On a recent visit to Stirling Castle I met La Belle Écossaise hovering in Queen Mary of Guise’s chambers. She was not as discrete as one would expect from a lady in waiting and even told me that the queen holds her most intimate audiences in her bed chamber, where she chats from behind a screen as she washes and dresses. The queen, she said, does not sleep there but in a much smaller room up a private staircase. I was wild with curiosity to be shown the secret room but on this The Beautiful Scotswoman’s (doesn’t it sound much better in French) lips were sealed.
My character Will (in The Conversos) also has sight of La Belle Écossaise while he is a galley slave on the ship that transports the infant Mary Queen of Scots to France. La Belle Écossaise was amongst the wee queen’s retinue, even though as she herself told me, she could not speak French. Yet she is quite the demanding lady as Will observes.
After three days of riding at anchor during the storm La Belle Écossaise is seen arguing with the Captain. ‘It is too much, this swinging aimlessly in the sea. Take us ashore.’
The captain shrugs, Will doubts if he even understands what she says since she speaks in Scots. A gust of rain sends her scurrying undercover.
She’s back the next day demanding, ‘let me off this boat immediately. I must repose myself, and the children too.’
The captain evidently does understand Scots for he bows low saying, ‘I give you the choice my lady. You can either stay on board, or leave and drown.’
She stands for a moment clearly not believing what she’s heard, then the ship lurches rocked by a large wave. She staggers and is only saved from falling overboard by Logie who has appeared in time to catch her. He escorts her below, and Will can see she has much to say.
Some remarkable restoration work has been carried out at Stirling Castle and the rooms are bright with colour, the tapestries have been recreated based on what would have hung there during the time of James V and Mary of Guise. The symbolism is everywhere as powerful images were used to convey the king’s droit de seigneur. The unicorn above is sign of purity and strength.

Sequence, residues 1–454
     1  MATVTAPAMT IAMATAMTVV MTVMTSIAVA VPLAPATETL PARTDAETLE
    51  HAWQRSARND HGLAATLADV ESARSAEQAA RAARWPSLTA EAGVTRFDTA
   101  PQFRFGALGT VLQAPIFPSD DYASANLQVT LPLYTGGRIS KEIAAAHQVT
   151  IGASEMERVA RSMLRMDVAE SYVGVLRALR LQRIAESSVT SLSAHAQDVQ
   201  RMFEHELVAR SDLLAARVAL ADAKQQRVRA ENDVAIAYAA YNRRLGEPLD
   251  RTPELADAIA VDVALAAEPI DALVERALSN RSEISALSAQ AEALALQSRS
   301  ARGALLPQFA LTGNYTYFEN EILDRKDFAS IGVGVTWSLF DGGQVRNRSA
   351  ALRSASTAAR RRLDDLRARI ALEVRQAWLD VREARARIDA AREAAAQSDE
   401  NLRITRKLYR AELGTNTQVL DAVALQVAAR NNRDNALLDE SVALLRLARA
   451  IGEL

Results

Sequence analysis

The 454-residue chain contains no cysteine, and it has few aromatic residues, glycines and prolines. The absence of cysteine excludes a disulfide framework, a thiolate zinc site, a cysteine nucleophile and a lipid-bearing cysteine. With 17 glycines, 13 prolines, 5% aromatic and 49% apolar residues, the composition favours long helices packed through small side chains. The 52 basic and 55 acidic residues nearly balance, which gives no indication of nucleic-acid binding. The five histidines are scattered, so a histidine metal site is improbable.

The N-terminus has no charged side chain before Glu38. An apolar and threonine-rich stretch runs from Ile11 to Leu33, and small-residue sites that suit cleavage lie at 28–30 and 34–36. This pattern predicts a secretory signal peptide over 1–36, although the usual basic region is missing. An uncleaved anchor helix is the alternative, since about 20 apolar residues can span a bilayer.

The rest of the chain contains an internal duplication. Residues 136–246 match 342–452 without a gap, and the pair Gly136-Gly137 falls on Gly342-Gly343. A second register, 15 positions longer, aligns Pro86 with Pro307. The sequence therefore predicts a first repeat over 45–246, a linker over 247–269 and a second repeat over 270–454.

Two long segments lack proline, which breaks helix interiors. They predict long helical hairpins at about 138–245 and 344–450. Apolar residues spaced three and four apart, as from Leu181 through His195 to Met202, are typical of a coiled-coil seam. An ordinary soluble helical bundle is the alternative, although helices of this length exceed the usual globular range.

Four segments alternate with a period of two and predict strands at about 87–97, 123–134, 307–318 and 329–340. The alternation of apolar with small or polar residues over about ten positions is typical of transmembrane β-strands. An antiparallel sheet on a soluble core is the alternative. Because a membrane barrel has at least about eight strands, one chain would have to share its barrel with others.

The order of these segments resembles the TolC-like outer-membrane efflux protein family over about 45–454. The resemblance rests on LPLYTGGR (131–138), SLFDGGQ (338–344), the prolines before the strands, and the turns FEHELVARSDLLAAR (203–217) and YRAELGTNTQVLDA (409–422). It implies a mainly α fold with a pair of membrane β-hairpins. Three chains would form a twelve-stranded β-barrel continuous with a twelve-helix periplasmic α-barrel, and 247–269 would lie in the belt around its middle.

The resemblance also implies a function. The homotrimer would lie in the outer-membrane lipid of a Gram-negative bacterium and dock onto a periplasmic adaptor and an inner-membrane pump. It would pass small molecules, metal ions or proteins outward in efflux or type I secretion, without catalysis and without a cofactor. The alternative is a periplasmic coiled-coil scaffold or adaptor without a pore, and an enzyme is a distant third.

Other restoration work includes the carved heads found on ceilings – and a replica of every known head has been hand carved in oak and then painted after the worn originals were studied in detail. The imagery and choice of heads including Julius Caesar is again all about underlining James’s power as king.
Outside the block which contained the Great Hall has been magnificently restored. It was used (and rather abused ) by the army for many many years, and they inserted sash windows, removed others and cut holes in wall.
Now repaired and painted in ochre mixed with lime, as it would have been when La Belle Écossaise walked these courtyards, giving a soft golden hue – and the gold confirmed the king’s wealth. It’s fascinating to see the contrast with how faded the rest of the buildings are.
The statutes which line the outside walls would also once have been colourfully painted. The castle is a dull place nowadays in comparison to its one time splendour.
As for La Belle Écossaise she was Lady Janet Fleming who caught the attention of King Henri II of France while she was in attendance on the infant Mary Queen of Scots – despite her lack of French… but then it wasn’t her language skills the king was interested in.
She had a son by him, but was decidedly indiscrete about it which led to the Queen of France, Catherine de Medici, and the king’s mistress, Diane de Poitiers, uniting in their dislike and arranging for Lady Fleming to be shipped back to Scotland, without her son. The rather unkind nickname of The King’s Whore was bestowed upon her. The king however did make sure this son was well provided for.
Ps If you are in Scotland and only have time to visit one castle then make it Stirling Castle – the restoration is remarkable and gives a fantastic sense of time and place …and the actors are a lot of fun.
Ref: Mary Queen of Scots by Antonia Fraser